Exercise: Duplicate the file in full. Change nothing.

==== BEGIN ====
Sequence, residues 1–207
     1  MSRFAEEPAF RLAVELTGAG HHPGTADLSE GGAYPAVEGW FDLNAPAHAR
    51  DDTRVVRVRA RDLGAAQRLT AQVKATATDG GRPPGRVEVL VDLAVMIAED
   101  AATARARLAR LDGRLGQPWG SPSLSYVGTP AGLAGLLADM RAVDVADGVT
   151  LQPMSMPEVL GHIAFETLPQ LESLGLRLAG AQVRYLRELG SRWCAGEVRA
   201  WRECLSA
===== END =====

Sequence, residues 1–207
     1  MSRFAEEPAF RLAVELTGAG HHPGTADLSE GGAYPAVEGW FDLNAPAHAR
    51  DDTRVVRVRA RDLGAAQRLT AQVKATATDG GRPPGRVEVL VDLAVMIAED
   101  AATARARLAR LDGRLGQPWG SPSLSYVGTP AGLAGLLADM RAVDVADGVT
   151  LQPMSMPEVL GHIAFETLPQ LESLGLRLAG AQVRYLRELG SRWCAGEVRA
   201  WRECLSA